How healthy are you and how healthy is your team?
What if we are able to use natural resources that are very close to us, to create and develop ourselves, people we are responsible for, and organisations we are involved with?
I’ve been thinking about these questions for over five years as I work with people and companies who want to continue to improve, be more resilient, and appear seamless in the way they operate.
The answer to the questions has been interesting. It’s made me consider what we can learn from how our body works and by tapping into how natural functioning organisms work. I’m not a medical expert but it seems to me that making this link is obvious and we can use some of this basic knowledge to develop ourselves, our teams, and our organisations. And as we link organisms and organisations together, blending the learning from one to the development of another, the term double O© is born.
We can learn so much about developing ourselves and an effective organisation by exploring, and being curious about, how our own bodies work.
double O© is part of a personal journey that I would like to share with you. Over the next six months I’ll be posting a series of blogs on the double O© concept. We’ll look at the skin, neurons, brain, lungs, and heart, to consider what we can learn about how they function and think about how we can utilise that information with our teams and organisations. It will enrich our sense of purpose at work as individuals and how teams work effectively.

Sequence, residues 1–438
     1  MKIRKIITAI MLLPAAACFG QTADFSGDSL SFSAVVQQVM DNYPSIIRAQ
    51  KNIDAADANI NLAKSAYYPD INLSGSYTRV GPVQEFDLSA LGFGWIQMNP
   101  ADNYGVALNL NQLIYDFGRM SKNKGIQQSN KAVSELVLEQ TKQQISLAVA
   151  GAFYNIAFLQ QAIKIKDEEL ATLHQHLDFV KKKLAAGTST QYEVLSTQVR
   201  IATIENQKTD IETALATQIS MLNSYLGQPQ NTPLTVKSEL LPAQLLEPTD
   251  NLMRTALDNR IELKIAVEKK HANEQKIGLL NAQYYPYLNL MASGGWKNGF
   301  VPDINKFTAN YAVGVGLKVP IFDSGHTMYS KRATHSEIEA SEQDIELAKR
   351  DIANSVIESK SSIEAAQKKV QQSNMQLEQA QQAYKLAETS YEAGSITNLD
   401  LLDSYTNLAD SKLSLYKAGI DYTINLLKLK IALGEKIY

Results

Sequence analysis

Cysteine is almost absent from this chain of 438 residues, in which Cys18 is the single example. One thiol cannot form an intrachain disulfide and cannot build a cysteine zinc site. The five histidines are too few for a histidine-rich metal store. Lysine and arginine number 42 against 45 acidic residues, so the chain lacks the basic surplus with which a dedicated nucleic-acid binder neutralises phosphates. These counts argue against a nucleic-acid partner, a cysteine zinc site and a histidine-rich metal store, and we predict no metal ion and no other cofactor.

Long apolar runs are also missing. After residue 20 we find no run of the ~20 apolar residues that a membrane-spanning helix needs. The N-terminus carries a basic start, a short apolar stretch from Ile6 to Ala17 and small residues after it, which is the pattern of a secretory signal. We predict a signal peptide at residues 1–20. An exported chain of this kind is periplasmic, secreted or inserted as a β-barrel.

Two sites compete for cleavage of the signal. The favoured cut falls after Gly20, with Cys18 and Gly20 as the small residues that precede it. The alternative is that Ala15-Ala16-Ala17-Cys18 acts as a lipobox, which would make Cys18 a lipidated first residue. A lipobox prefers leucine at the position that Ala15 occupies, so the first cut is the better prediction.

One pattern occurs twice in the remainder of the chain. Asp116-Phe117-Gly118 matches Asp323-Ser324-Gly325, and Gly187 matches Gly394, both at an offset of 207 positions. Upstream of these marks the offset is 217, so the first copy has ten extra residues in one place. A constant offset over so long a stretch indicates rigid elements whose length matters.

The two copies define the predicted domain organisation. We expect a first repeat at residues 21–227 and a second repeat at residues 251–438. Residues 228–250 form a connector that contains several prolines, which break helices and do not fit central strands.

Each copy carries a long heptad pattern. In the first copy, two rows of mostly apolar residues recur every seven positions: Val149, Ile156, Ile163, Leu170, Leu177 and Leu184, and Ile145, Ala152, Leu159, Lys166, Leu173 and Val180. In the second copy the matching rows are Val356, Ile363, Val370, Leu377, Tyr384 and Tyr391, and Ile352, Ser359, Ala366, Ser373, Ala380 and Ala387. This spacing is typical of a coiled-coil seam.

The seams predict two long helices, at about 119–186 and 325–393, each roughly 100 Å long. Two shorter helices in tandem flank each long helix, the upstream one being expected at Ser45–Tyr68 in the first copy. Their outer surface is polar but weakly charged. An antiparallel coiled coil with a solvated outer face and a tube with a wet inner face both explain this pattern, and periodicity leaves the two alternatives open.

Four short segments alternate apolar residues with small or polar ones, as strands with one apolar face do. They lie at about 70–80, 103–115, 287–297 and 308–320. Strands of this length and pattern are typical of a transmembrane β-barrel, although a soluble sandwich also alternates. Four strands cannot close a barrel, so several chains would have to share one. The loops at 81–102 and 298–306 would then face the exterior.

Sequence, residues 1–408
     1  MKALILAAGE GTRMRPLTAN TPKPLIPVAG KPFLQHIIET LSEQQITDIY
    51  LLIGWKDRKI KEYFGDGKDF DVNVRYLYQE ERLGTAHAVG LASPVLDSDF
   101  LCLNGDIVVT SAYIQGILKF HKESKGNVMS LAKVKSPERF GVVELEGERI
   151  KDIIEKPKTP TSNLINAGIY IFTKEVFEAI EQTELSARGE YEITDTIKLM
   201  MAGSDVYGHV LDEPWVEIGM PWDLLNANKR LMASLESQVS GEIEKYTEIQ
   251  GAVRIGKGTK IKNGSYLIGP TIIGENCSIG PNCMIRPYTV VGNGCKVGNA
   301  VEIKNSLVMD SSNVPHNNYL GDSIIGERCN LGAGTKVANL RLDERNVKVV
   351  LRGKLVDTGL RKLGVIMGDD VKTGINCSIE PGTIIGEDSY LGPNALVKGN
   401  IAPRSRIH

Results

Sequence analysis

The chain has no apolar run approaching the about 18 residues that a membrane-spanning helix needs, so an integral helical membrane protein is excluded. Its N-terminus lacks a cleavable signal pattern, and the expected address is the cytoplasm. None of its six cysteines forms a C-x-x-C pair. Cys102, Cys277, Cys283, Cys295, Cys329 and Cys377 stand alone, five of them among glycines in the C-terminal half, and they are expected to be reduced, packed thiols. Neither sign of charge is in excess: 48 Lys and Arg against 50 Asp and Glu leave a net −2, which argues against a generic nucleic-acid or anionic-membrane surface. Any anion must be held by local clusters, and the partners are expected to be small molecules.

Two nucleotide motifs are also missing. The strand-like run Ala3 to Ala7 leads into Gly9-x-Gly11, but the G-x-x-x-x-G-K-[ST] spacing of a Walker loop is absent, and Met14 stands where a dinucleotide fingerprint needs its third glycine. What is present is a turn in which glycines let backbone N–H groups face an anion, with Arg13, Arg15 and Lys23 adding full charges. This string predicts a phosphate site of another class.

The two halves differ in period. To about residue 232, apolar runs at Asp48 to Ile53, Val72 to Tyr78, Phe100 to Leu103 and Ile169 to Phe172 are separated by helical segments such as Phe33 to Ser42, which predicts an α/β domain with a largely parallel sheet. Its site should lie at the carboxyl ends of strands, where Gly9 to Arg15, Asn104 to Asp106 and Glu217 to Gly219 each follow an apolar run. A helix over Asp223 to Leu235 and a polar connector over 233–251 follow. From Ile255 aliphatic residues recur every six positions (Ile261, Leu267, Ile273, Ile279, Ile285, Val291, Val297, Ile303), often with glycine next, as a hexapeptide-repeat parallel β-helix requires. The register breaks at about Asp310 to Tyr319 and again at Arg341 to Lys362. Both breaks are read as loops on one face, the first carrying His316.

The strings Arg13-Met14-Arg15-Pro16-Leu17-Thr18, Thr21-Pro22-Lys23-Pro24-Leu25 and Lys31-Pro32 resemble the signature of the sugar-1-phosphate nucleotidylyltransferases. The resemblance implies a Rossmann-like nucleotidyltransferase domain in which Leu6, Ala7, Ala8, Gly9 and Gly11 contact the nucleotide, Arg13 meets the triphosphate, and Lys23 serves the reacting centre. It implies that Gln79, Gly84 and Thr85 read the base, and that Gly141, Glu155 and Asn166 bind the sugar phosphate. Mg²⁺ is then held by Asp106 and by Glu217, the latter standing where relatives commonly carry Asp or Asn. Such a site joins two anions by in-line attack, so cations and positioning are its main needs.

As you continue to read I hope that you’ll see there are many ideas that you can develop yourself to continue the journey.
I’ve found that people connect with this line of thinking when I ask the questions at the beginning of this blog. Do let me know what your answers are if you have time.
In the next Blog we will explore the definitions of ‘organism’ and ‘organisation’.
If we can find and identify the elements of natural resilience, then this will accelerate the flow of progression with individuals in the organisation and the organisation’s progression.
(Origin – unknown)
The concept ‘double O’© has been developed by Jon Webb, Webb Development.